A Declaration of Existentialism
Ayn Rand’s unflinching political confutation for socialism conveyed throughout her mighty work Atlas Shrugged is a passionate allegorical account regarding how one should exist only for the benefit of oneself. This idea is expressed through an assortment of Rand’s main characters, though none quite so explicitly as Hank Rearden. “The public good be damned, I will have no part of it!” In Rearden’s bold refutation of ‘public good’ at his trial, Rearden is dismissing the core ideology of socialism and declaring himself an existentialist member of society.
At the novel’s start, Hank Rearden is a simple man trying to make a name for himself in the metal industry so that he can support his family. He lives to content his unappeasable wife Lillian, an antagonist to the story’s existentialist themes, and finds no happiness in his interactions with her. We first understand Lillian’s main role as villainous wife when Rearden gifts her with the first piece of his metal crafted into a bracelet for her to wear. She dismisses his loving act, and this is the first instance where Rearden is seen as a lesser (41). Lillian’s main purpose in the novel is to help characterize Rearden’s conciliatory persona and demonstrate his initial inability to be egotistic. Selfishness, as viewed by Rand, is a positive trait that leads to the success in business and personal affairs. Rearden finally acts upon selfish desires when he falls in love with Dagny Taggart shortly after his wife’s discontent with his metal bracelet. The affair between Rearden and Dagny is selfish on both ends, but that is the reason why it makes them both so happy.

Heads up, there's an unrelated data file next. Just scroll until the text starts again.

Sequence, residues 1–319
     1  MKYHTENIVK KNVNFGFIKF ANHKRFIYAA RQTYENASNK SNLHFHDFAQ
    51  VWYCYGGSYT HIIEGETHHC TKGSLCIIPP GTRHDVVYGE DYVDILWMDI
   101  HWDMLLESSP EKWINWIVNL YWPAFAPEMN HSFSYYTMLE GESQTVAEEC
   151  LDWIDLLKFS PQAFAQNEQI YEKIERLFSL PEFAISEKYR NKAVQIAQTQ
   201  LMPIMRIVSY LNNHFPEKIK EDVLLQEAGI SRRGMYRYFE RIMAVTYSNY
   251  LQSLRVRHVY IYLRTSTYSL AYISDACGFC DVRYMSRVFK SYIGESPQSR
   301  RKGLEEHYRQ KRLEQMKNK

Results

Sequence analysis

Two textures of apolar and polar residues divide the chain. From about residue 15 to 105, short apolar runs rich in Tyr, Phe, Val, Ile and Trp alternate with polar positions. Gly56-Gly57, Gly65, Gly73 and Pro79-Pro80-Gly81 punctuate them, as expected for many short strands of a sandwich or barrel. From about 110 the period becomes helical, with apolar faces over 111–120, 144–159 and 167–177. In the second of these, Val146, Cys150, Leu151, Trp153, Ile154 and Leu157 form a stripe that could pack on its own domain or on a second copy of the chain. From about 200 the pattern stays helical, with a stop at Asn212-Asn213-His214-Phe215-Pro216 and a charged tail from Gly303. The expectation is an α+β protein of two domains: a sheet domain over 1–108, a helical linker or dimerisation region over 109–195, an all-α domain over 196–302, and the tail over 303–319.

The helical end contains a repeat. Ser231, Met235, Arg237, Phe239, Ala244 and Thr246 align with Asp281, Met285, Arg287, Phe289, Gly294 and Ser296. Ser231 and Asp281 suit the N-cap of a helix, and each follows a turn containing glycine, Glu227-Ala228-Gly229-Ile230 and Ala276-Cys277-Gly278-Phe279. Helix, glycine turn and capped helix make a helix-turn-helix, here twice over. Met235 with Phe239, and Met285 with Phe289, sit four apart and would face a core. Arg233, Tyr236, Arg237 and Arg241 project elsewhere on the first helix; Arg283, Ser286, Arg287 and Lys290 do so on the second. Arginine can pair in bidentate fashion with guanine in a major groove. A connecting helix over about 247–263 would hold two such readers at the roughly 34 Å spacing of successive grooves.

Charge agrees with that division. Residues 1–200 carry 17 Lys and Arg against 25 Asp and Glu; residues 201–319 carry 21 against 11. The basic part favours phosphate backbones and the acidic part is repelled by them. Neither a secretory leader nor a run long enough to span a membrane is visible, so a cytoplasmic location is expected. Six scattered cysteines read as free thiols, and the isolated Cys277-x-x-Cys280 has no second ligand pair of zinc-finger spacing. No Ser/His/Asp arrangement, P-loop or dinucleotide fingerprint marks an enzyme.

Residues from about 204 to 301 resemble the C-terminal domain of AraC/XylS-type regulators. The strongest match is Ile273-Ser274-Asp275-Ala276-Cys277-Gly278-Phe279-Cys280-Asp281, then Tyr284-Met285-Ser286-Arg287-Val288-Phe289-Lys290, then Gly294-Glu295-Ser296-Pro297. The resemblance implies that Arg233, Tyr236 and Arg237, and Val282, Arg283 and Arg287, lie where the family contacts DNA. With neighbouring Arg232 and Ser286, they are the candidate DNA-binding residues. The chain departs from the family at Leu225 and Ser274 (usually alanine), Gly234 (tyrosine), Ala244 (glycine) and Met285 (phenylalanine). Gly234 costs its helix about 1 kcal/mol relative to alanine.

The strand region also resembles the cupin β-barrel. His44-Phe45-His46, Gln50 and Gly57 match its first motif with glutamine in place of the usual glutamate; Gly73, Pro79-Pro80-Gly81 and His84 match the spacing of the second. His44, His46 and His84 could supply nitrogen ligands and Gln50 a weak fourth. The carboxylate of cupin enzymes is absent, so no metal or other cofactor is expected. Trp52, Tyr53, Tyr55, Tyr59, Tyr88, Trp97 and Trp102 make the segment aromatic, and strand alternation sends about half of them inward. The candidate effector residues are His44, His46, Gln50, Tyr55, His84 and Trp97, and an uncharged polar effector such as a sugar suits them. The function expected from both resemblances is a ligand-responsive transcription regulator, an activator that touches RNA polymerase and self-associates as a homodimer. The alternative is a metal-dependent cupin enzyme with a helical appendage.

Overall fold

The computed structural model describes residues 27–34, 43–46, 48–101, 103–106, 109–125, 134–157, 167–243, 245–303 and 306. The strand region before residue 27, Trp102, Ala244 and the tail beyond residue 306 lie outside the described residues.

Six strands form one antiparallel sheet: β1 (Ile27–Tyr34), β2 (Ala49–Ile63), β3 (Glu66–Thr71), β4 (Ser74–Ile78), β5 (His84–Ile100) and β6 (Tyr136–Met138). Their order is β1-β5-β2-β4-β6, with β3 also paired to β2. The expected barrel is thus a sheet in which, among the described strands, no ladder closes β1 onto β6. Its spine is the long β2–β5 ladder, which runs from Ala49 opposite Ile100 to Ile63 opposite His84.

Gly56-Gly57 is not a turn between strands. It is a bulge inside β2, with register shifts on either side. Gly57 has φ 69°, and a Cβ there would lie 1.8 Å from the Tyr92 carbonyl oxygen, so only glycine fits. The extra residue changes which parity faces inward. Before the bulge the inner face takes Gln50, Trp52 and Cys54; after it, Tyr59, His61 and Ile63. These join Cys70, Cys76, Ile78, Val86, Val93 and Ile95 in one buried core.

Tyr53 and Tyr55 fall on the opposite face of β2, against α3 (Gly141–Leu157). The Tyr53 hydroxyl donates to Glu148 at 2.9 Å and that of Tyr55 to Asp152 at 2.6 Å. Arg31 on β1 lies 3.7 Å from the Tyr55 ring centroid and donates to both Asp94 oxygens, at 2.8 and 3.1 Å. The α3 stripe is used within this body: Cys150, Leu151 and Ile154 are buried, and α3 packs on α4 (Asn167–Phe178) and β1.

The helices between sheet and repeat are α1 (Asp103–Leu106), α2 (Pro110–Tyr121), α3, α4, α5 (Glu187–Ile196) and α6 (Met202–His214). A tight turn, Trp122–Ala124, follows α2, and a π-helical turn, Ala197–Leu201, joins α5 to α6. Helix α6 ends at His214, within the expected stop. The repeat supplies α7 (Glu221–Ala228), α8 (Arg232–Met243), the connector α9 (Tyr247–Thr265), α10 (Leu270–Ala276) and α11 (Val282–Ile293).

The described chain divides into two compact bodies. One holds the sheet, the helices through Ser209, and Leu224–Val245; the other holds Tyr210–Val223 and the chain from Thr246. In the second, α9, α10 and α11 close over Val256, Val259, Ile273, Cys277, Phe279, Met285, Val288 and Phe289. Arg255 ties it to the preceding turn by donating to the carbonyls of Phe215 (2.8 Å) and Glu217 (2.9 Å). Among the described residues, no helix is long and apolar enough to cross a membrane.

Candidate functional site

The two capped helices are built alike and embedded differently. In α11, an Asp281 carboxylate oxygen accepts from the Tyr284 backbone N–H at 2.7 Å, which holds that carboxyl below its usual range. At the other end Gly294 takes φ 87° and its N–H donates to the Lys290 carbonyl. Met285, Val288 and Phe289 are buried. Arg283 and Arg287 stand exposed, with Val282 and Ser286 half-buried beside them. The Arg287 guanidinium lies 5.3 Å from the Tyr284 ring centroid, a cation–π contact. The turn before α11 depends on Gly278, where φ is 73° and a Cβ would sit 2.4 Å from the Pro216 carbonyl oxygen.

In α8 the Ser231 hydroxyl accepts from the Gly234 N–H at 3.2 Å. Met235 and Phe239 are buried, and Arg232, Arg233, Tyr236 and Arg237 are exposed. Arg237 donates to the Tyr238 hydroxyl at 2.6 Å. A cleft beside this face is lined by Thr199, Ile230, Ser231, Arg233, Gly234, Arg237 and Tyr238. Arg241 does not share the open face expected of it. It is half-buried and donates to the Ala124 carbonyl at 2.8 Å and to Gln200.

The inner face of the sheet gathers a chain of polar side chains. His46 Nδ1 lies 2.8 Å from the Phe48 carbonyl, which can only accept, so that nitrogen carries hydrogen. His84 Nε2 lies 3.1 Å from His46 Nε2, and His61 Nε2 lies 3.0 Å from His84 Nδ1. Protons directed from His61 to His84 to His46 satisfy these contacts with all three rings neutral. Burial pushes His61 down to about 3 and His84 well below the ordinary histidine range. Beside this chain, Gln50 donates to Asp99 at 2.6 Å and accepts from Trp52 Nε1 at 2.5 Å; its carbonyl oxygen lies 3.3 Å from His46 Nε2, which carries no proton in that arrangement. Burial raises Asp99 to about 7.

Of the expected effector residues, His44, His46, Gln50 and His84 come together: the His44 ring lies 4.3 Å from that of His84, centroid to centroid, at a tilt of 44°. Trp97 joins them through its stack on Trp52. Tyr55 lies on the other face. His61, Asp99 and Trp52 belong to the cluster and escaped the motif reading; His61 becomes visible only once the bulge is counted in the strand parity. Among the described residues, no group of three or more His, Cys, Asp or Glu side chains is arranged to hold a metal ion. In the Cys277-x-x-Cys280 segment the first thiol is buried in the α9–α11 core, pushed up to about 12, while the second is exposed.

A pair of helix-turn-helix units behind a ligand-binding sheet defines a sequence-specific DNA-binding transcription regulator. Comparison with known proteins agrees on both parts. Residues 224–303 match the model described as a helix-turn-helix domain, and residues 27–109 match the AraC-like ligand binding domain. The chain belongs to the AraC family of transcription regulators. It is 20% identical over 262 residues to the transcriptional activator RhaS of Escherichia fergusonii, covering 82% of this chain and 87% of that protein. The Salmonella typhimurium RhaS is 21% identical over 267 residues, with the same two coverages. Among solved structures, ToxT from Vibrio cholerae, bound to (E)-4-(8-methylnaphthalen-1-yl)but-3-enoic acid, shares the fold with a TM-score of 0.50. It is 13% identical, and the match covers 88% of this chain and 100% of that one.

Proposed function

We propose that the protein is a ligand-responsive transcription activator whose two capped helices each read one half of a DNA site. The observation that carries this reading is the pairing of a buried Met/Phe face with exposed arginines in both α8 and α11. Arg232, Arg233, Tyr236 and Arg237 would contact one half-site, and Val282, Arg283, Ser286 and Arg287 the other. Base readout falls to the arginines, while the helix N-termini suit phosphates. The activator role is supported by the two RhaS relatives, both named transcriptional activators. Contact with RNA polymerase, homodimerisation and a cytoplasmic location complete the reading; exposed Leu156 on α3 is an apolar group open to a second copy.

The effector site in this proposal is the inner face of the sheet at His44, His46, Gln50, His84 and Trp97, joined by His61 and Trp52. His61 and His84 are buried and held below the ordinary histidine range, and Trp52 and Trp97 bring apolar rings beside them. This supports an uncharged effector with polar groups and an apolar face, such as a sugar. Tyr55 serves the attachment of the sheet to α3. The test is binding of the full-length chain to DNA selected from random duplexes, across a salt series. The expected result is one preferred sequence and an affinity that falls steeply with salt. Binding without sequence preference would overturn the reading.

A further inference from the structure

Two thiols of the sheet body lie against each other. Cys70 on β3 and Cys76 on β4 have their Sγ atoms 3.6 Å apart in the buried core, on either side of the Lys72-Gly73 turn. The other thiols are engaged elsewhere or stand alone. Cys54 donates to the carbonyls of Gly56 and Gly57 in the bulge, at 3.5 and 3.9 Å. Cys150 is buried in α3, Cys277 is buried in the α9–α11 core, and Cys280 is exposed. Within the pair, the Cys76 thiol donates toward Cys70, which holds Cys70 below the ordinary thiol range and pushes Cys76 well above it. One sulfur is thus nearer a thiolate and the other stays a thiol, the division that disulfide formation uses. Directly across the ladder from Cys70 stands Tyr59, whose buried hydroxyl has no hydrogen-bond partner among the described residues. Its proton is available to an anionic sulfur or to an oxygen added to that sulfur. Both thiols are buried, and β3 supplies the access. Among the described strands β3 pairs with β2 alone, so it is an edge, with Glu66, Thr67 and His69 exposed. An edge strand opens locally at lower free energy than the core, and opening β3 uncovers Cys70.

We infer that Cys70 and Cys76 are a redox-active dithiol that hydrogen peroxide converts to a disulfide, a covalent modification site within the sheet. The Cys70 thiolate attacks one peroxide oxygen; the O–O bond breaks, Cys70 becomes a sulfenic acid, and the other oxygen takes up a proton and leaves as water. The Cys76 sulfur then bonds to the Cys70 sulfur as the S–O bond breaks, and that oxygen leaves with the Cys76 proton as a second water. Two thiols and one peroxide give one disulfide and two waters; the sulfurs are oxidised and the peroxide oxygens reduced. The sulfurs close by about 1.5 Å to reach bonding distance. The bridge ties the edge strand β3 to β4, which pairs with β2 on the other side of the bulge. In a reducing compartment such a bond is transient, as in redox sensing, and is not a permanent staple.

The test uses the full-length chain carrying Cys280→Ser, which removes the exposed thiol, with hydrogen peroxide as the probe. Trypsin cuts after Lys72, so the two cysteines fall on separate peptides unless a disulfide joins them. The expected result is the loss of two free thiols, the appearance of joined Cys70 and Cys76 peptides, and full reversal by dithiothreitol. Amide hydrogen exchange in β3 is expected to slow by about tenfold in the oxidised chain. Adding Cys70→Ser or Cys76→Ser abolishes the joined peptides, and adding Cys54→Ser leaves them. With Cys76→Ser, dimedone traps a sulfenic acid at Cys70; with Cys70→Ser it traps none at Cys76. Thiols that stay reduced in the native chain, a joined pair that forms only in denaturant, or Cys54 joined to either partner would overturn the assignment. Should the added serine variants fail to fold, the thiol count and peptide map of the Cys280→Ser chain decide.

“I am proud that [Hank] has chosen me to give him pleasure and that it was he who had been my choice. It was not – as it is for most of you – an act of casual indulgence and mutual contempt. It was the ultimate form of our admiration for each other, with full knowledge of the values by which we made our choice…” (318).